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Everything you need to know about pet insurance and rescue pets

When you adopt a pet from a reputable shelter or rescue, you’ll be asked to fill out a preadopt form. One of the questions on that form will ask if you understand the cost of caring for a pet, including health care. Because veterinary expenses can quickly add up, shelters want to know that you can cover those costs if the need arises. Pet insurance can go a long way in helping with these expenses. Many pet owners believe they won’t be able to get health insurance for a rescued pet, but that’s not true.

Is it harder to get pet insurance for rescue pets?

Your pet’s age, preexisting conditions, breed, and health record all help determine how much you’ll pay in premiums when signing up for pet insurance. When you purchase from a breeder, your pet will come with papers, including a detailed health record.

But what if you adopt your pet from a shelter or rescue group? Luckily, insurance companies don’t discriminate against rescued pets. In fact, some pet insurance companies encourage and support pet rescue by donating money to animal welfare nonprofits and partnering with rescues and shelters. For example, Embrace Pet Insurance partners with Best Friends Animal Society to offer discounted policies to anyone who adopts a pet through the organization. The company also partners with shelters and rescues nationwide to offer special packages for rescue pets.

Beagle being examined by veterinarian.
Image used with permission by copyright holder

Information you need when insuring a rescue pet

Depending on the pet you’re adopting, there may or may not be a lot of information on the animal’s background. If you’re lucky, the previous owners will have provided the shelter or rescue with a detailed history of the pet. They might even have surrendered the pet’s health records. However, it’s more likely that you won’t know a lot about your new pet’s background.

Many shelters and rescues have their animals checked by a veterinarian before putting them up for adoption. These health checks provide shelters with an estimated age, a guesstimate as to breed or breed mixes, and any current health issues. Be sure to get the results of these health checks along with the name of the veterinarian and animal hospital that performed the wellness exam. This is information you can provide to the insurance company when determining the best health care package for your pet.

What if the shelter doesn’t have health records?

If the shelter cannot provide you with a health status from a veterinary professional, that doesn’t mean you can’t get your pet insured. As soon as you adopt your new friend, go to your veterinarian for a wellness check. This will provide you the information you need to reach out to a pet insurance company. The insurance company will want to know if your rescue pet has any preexisting conditions and will look to the results of a wellness exam for this information.

Preexisting conditions within the pet insurance industry are typically divided into curable, chronic, and breed-specific categories. These are significant health conditions that your pet has before you enroll him in insurance coverage. Typical preexisting conditions not covered by insurance companies include:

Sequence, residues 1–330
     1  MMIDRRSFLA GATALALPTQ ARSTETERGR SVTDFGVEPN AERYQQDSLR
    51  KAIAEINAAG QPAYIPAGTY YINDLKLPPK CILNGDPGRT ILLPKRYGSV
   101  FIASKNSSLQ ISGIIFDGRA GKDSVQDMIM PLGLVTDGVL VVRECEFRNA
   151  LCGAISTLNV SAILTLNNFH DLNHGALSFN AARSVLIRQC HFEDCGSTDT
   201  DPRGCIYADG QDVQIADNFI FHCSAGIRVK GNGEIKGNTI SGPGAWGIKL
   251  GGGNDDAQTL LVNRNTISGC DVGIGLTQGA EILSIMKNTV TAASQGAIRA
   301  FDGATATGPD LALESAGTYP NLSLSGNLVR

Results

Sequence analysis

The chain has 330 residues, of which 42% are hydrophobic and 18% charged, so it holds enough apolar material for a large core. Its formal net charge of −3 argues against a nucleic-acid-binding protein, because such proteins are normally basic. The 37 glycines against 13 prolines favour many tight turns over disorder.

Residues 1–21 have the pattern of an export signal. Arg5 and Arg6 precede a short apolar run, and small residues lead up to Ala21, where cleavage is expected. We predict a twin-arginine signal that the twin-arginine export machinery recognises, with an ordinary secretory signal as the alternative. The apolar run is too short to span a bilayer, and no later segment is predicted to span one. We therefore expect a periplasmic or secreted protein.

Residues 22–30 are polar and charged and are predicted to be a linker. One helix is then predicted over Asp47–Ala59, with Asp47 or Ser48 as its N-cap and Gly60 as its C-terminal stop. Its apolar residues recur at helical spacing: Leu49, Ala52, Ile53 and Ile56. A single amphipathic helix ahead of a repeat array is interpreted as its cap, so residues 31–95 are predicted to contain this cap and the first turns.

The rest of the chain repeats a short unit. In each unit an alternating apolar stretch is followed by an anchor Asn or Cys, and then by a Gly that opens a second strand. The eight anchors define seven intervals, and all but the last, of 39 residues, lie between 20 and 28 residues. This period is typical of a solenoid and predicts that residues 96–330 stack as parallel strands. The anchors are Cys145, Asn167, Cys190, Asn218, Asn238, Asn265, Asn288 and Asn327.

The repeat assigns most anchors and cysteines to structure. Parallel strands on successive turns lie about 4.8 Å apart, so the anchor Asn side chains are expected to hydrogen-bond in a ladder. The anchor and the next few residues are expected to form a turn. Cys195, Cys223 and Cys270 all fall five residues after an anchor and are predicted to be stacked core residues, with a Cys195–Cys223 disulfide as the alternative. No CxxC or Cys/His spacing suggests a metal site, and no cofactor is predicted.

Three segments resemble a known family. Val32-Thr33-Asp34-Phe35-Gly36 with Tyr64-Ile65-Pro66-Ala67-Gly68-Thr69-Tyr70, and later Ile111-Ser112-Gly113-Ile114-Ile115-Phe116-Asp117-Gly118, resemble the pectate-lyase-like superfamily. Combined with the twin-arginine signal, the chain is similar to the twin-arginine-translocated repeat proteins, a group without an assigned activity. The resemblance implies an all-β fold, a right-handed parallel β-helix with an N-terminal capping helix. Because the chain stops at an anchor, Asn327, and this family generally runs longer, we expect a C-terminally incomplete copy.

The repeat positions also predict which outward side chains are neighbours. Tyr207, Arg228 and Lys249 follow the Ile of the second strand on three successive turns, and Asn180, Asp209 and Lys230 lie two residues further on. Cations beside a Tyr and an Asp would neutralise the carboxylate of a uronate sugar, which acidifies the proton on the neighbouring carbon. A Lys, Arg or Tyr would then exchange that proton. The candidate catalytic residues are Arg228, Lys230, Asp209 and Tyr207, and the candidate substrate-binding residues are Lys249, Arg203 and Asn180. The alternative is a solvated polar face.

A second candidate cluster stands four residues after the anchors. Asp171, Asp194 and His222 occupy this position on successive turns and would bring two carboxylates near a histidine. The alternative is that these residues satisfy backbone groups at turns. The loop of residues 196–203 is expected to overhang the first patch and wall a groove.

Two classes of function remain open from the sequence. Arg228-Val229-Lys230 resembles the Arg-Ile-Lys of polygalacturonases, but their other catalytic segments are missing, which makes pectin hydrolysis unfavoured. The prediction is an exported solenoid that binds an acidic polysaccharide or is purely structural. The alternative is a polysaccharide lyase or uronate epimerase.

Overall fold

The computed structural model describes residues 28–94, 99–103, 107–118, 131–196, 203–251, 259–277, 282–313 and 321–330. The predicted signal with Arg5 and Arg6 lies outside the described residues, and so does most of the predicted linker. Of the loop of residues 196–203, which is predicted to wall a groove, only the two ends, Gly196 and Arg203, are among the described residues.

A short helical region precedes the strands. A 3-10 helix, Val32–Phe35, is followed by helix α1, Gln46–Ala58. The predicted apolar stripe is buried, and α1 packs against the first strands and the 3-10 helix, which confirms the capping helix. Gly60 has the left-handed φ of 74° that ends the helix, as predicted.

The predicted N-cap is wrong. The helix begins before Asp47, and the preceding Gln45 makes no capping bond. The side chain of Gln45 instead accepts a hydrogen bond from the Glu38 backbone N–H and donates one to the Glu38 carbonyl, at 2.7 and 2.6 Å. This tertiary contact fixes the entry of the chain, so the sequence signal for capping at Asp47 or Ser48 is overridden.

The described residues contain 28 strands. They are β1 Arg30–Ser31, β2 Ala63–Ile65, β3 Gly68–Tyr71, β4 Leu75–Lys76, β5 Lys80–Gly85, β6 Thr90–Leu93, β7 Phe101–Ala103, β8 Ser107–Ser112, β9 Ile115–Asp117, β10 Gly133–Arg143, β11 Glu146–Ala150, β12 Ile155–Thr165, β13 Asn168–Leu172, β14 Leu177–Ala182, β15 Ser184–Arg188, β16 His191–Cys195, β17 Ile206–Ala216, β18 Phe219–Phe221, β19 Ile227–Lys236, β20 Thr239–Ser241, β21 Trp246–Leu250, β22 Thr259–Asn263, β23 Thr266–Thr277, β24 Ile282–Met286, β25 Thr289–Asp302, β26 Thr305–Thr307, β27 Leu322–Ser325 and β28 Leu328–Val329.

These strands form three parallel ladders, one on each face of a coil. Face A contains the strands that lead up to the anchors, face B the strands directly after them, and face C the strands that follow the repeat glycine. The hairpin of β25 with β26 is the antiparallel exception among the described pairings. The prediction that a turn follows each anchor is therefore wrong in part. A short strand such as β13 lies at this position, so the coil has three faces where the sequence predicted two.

• Cancer
  • Heart disease
  • Arthritis
  • Urinary blockages
  • Epilepsy
  • Diabetes

Most insurance companies see pets with preexisting conditions as risky investments. Some companies won’t cover preexisting conditions at all, while others may cover curable conditions once a pet is symptom-free for a specified length of time. But just because a company won’t cover your rescued pet’s preexisting condition doesn’t mean you can’t find a health insurance package to work for you.

The sooner you get your pet insured, the better

If you’re considering health insurance for your newly adopted pet, the key is to get the insurance as soon as possible. The longer you wait, the greater the chances your new animal companion will have a preexisting condition that won’t be covered. There’s no shortage of pet insurance companies, and they offer a variety of coverage options. Best Friends Animal Society offers a roundup of pet insurance companies to help with your research. Just as with health insurance options for humans, there are numerous pet insurance plans. Some cover accidents but not illnesses. One policy might cover cancer treatment, while another may not. Many companies also offer wellness coverage plans that help cover the cost of regular exams and preventive treatments that your pet needs to stay healthy.

Man giving friendly head butt to cat.
Yuliya kota / Pexels

To find the best insurance company for your pet, ask family and friends who they use and if they are happy with the services. You can also get a recommendation from your veterinarian. Research the recommended companies online and compare the various policies to find the right option for your newest family member.

Pet insurance may not be for everyone. If you have a budget that includes emergency funds for pet health care, then health insurance might not be the right choice for you. However, not everyone can afford to budget for a pet’s medical needs. Nobody wants to be in the heartbreaking position where they can’t afford the health care needed to save a beloved pet’s life. Health insurance gives you peace of mind knowing you can provide your animal companion with the best care possible to keep him healthy and happy.

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Vera Lawlor
Vera was the pet columnist for 201 Family magazine and has contributed pet and animal welfare articles to Bone-A-Fide Mutts…
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